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A few months after being sworn-in, Gov. Phil Murphy named two “czars” to help towns and school districts reduce property taxes by sharing services.
Since then, the governor has made little mention of the czars in his two major speeches of the year – the state of the state in January and the budget address last week.
That doesn’t bother the two men with the impressive-sounding title, Republican Nicolas Platt and Democrat Jordan Glatt, both of whom I met Wednesday for lunch in Green Village, Morris County.
Platt has no doubts about Murphy’s commitment to the idea, saying that when he asks the governor’s office a question, he usually gets a reply from Murphy himself in five minutes.
Both men are former mayors. Glatt of Summit and Platt of Harding Township. Platt remains a township committeeman and is up for reelection this year.
Some 10 months after their work began at the princely sum of $1 each a year, Platt says things are going well, but is coy about details. He said the men want to leave public announcements of new shared service arrangements to municipal officials,
There’s a probably a good reason for that. The public is more likely to back sharing, say, police with another town if the idea comes from local officials as opposed to state “czars.”
The men see themselves as “facilitators” in helping municipal officials find ways to save money. They spend their time travelling to all corners of the state to discuss ways to combine municipal services with elected officials, residents and influential unions like the PBA. Glatt spoke of 128 “meaningful sit downs,” adding that it’s important to let towns move at their own pace.
Platt said some towns are “very close” to announcing shared service agreements.
Glatt said there seems to be more initial support for combining services somewhat removed from everyday life, like the health department, or animal control office.
But police can be a different matter. Just about anyone who has written about local government in New Jersey has heard residents talk reverently about knowing the cops they see every day. Yet, it is local departments – and many police salaries in excess of $100,000 a year – that help cause the state’s high property taxes. Cracking that nut is not easy.
Platt points to a recent success – the merger of police in Chester Borough and Chester Township. What helped here was the retirement of one of the chiefs when the departments were separate. But just down the road – literally – a sensible proposal for Mendham Borough and Mendham Township to merge police failed a bit more than 10 years ago. A visitor from afar would be hard-pressed to identify discernible differences among all four neighboring towns, which aptly demonstrates the problem.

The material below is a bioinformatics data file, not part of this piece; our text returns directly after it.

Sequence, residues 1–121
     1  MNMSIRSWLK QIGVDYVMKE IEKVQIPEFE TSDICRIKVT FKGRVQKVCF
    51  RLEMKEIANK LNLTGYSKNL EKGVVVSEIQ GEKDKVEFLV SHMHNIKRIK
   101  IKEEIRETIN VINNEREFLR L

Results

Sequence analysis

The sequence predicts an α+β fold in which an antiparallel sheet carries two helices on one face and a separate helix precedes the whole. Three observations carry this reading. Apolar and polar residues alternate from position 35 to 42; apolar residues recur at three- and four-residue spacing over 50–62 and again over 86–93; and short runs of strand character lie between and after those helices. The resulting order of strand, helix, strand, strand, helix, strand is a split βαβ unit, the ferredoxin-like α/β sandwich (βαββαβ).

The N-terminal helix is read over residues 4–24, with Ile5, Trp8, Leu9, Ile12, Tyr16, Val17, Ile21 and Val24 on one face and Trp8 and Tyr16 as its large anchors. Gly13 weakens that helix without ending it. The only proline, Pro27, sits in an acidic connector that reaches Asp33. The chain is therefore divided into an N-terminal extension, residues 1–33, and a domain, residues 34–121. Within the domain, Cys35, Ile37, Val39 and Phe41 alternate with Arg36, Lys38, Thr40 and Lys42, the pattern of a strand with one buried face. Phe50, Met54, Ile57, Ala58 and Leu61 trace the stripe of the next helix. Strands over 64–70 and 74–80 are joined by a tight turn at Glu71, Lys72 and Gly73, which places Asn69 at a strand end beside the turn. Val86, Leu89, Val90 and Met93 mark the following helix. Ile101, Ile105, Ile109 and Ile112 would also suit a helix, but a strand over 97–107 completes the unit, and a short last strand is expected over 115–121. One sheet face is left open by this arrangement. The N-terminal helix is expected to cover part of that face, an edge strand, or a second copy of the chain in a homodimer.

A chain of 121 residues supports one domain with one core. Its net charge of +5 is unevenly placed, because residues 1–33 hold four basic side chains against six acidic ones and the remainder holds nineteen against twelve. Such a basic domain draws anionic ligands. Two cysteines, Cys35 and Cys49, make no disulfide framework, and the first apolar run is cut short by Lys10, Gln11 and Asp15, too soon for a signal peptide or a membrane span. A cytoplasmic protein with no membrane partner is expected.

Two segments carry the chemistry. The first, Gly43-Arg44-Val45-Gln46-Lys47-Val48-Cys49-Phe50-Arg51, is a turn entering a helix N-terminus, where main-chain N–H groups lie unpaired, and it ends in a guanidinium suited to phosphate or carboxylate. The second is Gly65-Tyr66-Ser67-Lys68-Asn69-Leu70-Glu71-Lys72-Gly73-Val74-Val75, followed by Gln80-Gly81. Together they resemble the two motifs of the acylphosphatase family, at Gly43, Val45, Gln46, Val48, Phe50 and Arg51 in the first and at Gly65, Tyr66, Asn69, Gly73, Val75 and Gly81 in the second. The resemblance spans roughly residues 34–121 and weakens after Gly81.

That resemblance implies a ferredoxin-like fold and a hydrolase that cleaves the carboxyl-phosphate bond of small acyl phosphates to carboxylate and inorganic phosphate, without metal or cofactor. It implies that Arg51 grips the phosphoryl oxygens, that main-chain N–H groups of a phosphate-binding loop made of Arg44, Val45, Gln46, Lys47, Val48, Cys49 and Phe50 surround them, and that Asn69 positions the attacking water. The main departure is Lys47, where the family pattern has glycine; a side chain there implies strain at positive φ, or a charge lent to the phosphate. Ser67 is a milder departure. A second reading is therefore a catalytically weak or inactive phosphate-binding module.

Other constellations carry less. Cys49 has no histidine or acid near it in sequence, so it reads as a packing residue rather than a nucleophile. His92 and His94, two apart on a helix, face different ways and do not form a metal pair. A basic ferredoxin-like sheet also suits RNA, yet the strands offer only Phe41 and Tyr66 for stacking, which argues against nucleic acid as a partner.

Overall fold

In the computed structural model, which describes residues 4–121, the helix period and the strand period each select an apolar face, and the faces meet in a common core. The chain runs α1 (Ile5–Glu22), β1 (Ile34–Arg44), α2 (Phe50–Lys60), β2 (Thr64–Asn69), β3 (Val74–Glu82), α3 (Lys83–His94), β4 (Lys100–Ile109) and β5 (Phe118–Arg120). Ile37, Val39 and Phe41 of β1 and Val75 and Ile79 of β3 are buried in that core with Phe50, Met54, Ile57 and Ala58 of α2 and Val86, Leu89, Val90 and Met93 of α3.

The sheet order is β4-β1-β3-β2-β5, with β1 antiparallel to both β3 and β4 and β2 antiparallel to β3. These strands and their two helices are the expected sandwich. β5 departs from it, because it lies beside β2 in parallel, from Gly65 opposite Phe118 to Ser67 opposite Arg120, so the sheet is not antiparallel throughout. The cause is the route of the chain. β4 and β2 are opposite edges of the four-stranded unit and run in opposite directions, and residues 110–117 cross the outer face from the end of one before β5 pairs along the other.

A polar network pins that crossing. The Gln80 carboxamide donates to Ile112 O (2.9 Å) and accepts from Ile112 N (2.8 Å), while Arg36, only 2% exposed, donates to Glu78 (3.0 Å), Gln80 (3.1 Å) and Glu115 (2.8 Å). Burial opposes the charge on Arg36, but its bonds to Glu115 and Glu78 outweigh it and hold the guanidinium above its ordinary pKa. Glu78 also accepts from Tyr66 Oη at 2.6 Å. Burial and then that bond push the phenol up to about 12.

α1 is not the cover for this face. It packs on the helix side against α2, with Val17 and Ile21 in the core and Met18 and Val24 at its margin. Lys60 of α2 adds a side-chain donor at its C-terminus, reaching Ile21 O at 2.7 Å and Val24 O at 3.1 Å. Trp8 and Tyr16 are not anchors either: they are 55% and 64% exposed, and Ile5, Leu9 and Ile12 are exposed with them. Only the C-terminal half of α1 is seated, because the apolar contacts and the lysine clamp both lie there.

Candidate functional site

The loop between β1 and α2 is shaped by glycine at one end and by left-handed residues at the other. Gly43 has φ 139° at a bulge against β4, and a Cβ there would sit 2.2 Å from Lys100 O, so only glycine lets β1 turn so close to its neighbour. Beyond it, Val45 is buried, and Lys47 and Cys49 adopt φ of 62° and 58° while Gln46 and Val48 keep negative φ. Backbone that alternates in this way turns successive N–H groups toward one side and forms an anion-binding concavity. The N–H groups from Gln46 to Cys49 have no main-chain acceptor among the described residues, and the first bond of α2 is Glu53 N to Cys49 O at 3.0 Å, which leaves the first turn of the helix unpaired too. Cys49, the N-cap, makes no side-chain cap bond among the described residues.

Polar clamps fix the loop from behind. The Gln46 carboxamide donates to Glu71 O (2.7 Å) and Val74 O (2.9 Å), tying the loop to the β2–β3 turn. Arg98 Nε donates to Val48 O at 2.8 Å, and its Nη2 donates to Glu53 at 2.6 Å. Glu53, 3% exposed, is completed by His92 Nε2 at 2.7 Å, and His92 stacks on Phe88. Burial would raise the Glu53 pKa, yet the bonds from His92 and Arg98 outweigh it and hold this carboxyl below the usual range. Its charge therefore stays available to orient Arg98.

The “czar” moniker notwithstanding, the men don’t have the power to compel officials to do anything. Some may see that as a fatal flaw.
After all, the notion that New Jersey needs to at least share services among its 565 municipalities and almost 600 school districts is not new. Alan Karcher, a former Assembly Speaker, wrote a book about the issue 20 years ago. Platt says the book is still relevant. That may be a nice endorsement of Karcher’s scholarship, but not of how New Jersey conducts business.
The problem is so obvious, it really needs no explanation. Travel a main road in many counties and you can easily pass through multiple municipalities in a matter of minutes.
Platt told of a superintendent resigning from a small school district, because there really wasn’t all that much to do. Enrollment is decreasing in some of the more rural parts of New Jersey. But instead of exploring ways to share administrative services with another district, Platt said the school board began searching for a new superintendent.
Glatt hopes that bottom line finances will drive local officials away from the altar of home rule. Many officials are reluctant to raise already-high property taxes and they also have the 2 percent state cap with which to contend.
“When there’s no money, that’s the only way you are going to break home rule,” he said.
So, how much money are we talking about saving?
Glatt said we are talking about cutting property taxes statewide by “hundreds of millions” of dollars,
Platt said that Harding and four other municipalities – Madison, Morris Township, Chatham Borough and Chatham Township – merged their municipal courts a few years ago, saving a million dollars in all.
That, as they say, is not chump change.